signed by Messrs. Rhodes, Phillips, and Farrar.

This written paper was in substance as follows:--

     That for a number of years the Uitlanders had earnestly and
     peacefully sought relief for their grievances by the
     constitutional right of petition. That what they asked was
     only what was conceded to new-comers by every other South
     African Government.

     That petition after petition was placed before the
     authorities--one bearing 40,000 signatures, asking
     alleviation of their burdens and wrongs; that they could
     never obtain a hearing, and that the provisions of law
     already deemed obnoxious and unfair were being made more
     stringent; and, realising that they would never be accorded
     the rights they were entitled to receive, it was determined
     to make a demonstration of force in support of their just
     demands.

     The statement then recites the coming of Jameson against
     their express commands and understanding with him, and all
     the subsequent acts of the Transvaal Government, the High
     Commissioner, and De Wet, Her Majesty's Agent, which are
     now matters of history.

The paper concluded as follows:--

     'We admit responsibility for the action taken by us. We
     practically avowed it at the time of the negotiations with
     the Government, when we were informed that the services of
     the High Commissioner had been accepted with a view to a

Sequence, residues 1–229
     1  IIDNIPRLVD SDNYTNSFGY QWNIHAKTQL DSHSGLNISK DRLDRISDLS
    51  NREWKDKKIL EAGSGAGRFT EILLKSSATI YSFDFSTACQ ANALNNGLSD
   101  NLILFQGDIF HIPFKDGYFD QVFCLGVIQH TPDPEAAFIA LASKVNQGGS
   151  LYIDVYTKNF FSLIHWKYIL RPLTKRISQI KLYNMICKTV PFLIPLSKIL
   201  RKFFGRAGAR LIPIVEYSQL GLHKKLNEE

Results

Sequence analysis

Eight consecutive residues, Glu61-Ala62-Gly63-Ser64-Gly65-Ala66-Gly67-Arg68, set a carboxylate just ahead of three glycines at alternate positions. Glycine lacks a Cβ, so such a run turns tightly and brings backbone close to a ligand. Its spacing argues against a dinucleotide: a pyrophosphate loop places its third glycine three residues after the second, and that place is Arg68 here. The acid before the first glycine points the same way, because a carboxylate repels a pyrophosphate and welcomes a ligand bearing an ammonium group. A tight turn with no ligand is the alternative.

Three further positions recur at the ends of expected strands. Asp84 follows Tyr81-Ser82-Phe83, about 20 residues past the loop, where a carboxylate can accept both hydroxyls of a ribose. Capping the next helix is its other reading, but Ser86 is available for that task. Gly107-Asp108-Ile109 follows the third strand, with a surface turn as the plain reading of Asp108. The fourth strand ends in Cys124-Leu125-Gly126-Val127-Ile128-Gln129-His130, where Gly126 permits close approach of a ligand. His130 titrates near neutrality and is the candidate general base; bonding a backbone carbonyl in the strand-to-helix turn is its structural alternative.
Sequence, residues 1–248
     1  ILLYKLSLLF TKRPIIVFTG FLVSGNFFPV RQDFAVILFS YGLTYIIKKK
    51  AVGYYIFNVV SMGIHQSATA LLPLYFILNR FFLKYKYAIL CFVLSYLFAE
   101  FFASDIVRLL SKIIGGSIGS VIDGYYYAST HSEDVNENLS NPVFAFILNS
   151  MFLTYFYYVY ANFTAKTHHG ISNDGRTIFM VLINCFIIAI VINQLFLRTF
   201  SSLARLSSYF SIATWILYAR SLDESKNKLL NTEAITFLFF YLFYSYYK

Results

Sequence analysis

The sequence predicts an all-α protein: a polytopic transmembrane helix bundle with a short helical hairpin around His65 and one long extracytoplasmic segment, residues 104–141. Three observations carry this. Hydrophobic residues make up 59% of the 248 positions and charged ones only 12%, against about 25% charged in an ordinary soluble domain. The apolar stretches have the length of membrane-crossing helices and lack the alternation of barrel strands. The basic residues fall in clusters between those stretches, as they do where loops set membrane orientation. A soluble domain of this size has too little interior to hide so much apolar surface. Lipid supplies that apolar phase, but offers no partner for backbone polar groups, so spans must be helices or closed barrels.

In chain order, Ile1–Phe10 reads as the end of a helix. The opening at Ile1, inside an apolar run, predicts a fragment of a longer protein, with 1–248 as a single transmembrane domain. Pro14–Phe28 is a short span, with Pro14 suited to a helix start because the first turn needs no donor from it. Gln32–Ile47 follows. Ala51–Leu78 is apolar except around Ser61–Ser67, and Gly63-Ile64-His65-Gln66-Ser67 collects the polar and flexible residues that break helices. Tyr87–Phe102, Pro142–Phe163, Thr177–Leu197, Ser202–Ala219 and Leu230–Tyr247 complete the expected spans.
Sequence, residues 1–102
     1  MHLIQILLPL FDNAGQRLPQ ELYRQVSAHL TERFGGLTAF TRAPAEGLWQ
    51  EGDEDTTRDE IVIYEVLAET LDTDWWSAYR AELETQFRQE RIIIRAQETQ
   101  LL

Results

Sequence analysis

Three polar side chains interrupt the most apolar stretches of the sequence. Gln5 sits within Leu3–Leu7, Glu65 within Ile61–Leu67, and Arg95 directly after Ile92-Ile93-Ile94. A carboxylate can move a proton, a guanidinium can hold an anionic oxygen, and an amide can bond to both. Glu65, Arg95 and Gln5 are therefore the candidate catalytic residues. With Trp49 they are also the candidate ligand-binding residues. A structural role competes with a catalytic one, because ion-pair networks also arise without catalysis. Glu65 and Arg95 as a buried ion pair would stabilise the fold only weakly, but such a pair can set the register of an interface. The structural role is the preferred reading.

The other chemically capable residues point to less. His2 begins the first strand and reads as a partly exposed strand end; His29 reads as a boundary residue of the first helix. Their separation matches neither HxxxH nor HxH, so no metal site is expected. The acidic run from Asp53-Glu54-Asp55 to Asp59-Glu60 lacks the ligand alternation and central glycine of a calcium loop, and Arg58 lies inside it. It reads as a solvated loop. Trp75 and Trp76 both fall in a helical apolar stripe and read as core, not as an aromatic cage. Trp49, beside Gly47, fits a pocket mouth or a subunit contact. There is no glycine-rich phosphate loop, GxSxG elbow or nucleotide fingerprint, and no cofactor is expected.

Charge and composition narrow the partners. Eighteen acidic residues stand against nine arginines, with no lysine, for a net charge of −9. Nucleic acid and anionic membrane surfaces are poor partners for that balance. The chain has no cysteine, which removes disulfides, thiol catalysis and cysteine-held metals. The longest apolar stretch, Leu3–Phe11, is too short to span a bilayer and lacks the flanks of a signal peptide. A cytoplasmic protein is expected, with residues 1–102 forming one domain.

peaceful settlement.

     'We submit that we kept faith in every detail of the
     arrangement. We did all that was humanly possible to protect
     both the State and Dr. Jameson from the consequences of his
     action; that we have committed no breach of the law which
     was not known to the Government at the time; and that the
     earnest consideration of our grievances was promised.

     'We can now only put the bare facts before the Court, and
     submit to the judgment that may be passed upon us.'

After the examination of several witnesses and the introduction of the
celebrated cipher telegrams, the Court was adjourned for the day.

TUESDAY, THE 28TH.--There was a vast concourse gathered at the Market
Hall on this day of the trial. The chamber was crowded to its utmost
limit by anxious and interested listeners. Many ladies were present.

His Lordship (the imported Judge) was late in ascending the bench,
unnecessarily prolonging the suspense of the waiting crowd.

The proceedings were commenced with every formality that could render
them impressive. A large number of armed men were stationed at the
entrance and about the Court-room. A prominent object in the
Court-room, one which immediately struck the eye of those entering, as
this was its first appearance during the trial, was a plain wooden
dock, low in front, high at the back, and large enough to hold four
men.

As in the preliminary examination, the Court proceedings were
conducted in the Dutch language, an unfamiliar tongue to a majority
of the accused.